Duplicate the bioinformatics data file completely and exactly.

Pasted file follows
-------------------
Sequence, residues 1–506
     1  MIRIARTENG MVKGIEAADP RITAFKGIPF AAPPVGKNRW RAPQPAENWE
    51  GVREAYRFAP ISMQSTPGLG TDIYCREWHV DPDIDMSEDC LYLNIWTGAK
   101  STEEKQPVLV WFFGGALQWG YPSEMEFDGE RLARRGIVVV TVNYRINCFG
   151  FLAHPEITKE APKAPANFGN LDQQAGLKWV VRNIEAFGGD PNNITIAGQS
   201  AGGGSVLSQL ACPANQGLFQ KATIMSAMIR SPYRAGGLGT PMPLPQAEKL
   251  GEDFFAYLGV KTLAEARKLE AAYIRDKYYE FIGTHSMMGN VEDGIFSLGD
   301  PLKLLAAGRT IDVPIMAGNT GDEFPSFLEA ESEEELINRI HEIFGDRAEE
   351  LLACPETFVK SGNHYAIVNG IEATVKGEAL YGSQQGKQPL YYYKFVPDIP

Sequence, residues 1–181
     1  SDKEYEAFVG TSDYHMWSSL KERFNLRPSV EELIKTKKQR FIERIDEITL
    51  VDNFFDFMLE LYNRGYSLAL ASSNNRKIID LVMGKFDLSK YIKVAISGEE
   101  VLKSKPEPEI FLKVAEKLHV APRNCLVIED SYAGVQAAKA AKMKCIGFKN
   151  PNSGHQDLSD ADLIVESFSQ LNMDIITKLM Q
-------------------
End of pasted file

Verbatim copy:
Sequence, residues 1–506
     1  MIRIARTENG MVKGIEAADP RITAFKGIPF AAPPVGKNRW RAPQPAENWE
    51  GVREAYRFAP ISMQSTPGLG TDIYCREWHV DPDIDMSEDC LYLNIWTGAK
   101  STEEKQPVLV WFFGGALQWG YPSEMEFDGE RLARRGIVVV TVNYRINCFG
   151  FLAHPEITKE APKAPANFGN LDQQAGLKWV VRNIEAFGGD PNNITIAGQS
   201  AGGGSVLSQL ACPANQGLFQ KATIMSAMIR SPYRAGGLGT PMPLPQAEKL
   251  GEDFFAYLGV KTLAEARKLE AAYIRDKYYE FIGTHSMMGN VEDGIFSLGD
   301  PLKLLAAGRT IDVPIMAGNT GDEFPSFLEA ESEEELINRI HEIFGDRAEE
   351  LLACPETFVK SGNHYAIVNG IEATVKGEAL YGSQQGKQPL YYYKFVPDIP

Sequence, residues 1–181
     1  SDKEYEAFVG TSDYHMWSSL KERFNLRPSV EELIKTKKQR FIERIDEITL
    51  VDNFFDFMLE LYNRGYSLAL ASSNNRKIID LVMGKFDLSK YIKVAISGEE
   101  VLKSKPEPEI FLKVAEKLHV APRNCLVIED SYAGVQAAKA AKMKCIGFKN
   151  PNSGHQDLSD ADLIVESFSQ LNMDIITKLM Q